Balsam Medium Recipe

Yet Another painting medium from my collection… Interesting combination

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Basic Oil Painting Medium

This is one of the basic oil painting mediums recipe, there are a lot of variations of it. You can make more fluid with more turpentine in it.

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Six Maroger Medium Recipies

Note of Caution: I do NOT recommend making Maroger mediums. They are very toxic to make!

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Darwin #5 Medium

Ingredients By Volume:

1 Part – Raw Cold Pressed Linseed Oil
1 Part – Damar Varnish (5 pound-cut)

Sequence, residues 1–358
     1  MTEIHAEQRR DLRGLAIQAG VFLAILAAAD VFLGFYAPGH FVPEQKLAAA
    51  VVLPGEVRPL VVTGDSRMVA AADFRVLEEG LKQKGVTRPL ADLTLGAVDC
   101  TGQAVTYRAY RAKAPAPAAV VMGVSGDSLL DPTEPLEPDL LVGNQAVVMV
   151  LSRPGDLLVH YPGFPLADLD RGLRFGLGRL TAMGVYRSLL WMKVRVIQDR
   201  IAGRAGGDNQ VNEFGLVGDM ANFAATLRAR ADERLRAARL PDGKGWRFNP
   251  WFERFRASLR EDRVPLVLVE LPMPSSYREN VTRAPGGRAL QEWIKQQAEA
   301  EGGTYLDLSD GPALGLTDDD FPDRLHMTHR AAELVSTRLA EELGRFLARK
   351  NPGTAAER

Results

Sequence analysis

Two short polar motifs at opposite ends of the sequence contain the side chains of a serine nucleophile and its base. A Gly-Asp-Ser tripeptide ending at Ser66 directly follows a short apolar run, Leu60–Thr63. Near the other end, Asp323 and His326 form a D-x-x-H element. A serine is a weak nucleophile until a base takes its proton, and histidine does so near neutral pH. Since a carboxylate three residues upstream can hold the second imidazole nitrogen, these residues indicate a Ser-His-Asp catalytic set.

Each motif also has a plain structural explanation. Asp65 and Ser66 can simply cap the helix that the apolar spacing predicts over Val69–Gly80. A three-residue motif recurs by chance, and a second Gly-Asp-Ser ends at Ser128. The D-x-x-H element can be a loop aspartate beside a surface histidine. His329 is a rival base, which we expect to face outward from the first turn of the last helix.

1 Part – Pure Un-bleached Bees Wax
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Mix the oil with the wax pellets in a pan and heat together until the wax melts and blends with the oil. Remove from the heat and pour in the Damar varnish. Place the pan in a basin with cold water to cool the mix sharply, keep stirring into a soft smooth paste while it cools. Pour into a clean glass jar.

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Darwin #4 Medium

INGREDIENTS BY VOLUME

4 Parts – Venice Turpentine
2 Parts – Pure Un-bleached Bees Wax
6 Parts – Rectified Turpentine